2. Per the title, are there any plans to limit the number of units that a person can purchase at launch? I'm starting to warm up to the idea of possibly playing around with expansion cards, but since I'd be a novice to that area, I'd want a second unit so I don't need to worry (as much) about literally blowing up the unit. The topic of ordering limits doesn't seem to be addressed by the FAQ. Maybe this is still too early to discuss, but I thought I'd put the question out there. To be clear, I'm only personally thinking about ordering a second X16. I'm not planning to order 16 X16s, though that could lead to an entertaining Youtube video akin to the 3 PS3s, 4 PS4s, and 5 PS5s. So even if there are limits to the number that folks can order, I'm really just hoping the limit is greater than 1.
  3. It looks to me like you're missing a `void (*SystemIRQ)();` declaration somewhere... Edit: That having been said, I haven't done any interrupts in cc65, and I doubt it's safe to just clobber the system IRQ with a cc65 function (`rts` vs `rti`, and all that). Are there any IRQ-related functions in the x16 library for cc65?
  4. This may be a bit of "you had to be there", because at the time the poll was taken, there was no physical kit in the hands of anyone, except for a prototype being passed between the X16 team members. So the question was entirely how the community expected to use the SD Card slot once the final X16 was available for purchase. And the majority of the community (myself included) responded that SD Card swaps would probably be rare. Personally, I'm anticipating that I'll buy a wifi SD card and simply never think about pulling it out, except to replace it should it burn out.
  5. In fairness, that's perfectly reasonable and did happen. The example cassette should really already have a label instead of a blank white rectangle that screams "Write in me!"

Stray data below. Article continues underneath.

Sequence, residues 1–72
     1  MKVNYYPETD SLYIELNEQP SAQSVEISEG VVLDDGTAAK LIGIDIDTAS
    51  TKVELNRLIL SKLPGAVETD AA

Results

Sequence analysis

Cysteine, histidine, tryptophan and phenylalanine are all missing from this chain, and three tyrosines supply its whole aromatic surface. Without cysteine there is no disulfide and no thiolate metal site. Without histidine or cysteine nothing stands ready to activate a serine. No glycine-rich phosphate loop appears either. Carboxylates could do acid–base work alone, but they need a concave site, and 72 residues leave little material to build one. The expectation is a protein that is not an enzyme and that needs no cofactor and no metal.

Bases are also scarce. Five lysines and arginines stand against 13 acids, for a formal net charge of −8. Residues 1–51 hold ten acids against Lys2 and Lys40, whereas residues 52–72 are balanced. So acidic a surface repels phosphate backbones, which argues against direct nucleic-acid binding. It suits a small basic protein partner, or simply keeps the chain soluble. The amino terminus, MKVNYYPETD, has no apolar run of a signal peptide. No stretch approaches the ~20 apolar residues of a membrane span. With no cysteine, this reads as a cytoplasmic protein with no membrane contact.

6. Ahh, that early 90s look and sound, such nostalgia... A friend recently managed to lure me into watching Carole & Tuesday, a Netflix original anime series about two girls on a future version of Mars who try to launch a music career together, in an industry that's now dominated by superstar artists and personalities who mostly perform AI-generated music. The biggest selling point of the series is definitely the OST - there's a lot of good music in the show, and some fairly disparate genres represented. I thought the first half of the series was overall pretty great, but the second half felt derailed by a B plot that wasn't central to the girls' journey, and I felt the ending was pretty weak as the B plot took greater emphasis and then ultimately resolved itself without the girls' help. Plus other confusing things that broke my suspension of disbelief at the end. Overall, worth watching at least the first half, for the music. This is what finally convinced me to try the series, if only for the OST. (Fair warning: Coarse language. Lots and lots of coarse language.)